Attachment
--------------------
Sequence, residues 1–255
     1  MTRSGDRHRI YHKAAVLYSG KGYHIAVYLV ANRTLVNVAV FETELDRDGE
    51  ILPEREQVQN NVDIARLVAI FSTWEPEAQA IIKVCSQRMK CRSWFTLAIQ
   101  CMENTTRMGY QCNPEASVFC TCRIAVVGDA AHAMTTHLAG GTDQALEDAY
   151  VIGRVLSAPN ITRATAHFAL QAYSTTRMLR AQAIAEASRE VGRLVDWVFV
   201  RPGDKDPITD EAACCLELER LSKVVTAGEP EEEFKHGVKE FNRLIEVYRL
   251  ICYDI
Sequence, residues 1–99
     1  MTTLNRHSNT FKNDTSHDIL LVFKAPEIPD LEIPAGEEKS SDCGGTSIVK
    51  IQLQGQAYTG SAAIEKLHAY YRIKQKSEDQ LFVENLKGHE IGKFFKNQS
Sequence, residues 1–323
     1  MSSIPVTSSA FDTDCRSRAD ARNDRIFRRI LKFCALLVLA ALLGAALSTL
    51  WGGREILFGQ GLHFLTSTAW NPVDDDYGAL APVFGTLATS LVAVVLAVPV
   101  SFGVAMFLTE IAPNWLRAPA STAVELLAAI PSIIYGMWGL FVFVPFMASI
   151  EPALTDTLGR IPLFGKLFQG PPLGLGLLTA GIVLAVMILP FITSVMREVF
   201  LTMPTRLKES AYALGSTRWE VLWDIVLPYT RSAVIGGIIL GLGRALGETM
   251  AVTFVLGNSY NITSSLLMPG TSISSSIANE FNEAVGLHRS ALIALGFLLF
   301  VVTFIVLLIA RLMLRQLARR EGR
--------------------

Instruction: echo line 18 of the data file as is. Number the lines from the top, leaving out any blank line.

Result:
   301  VVTFIVLLIA RLMLRQLARR EGR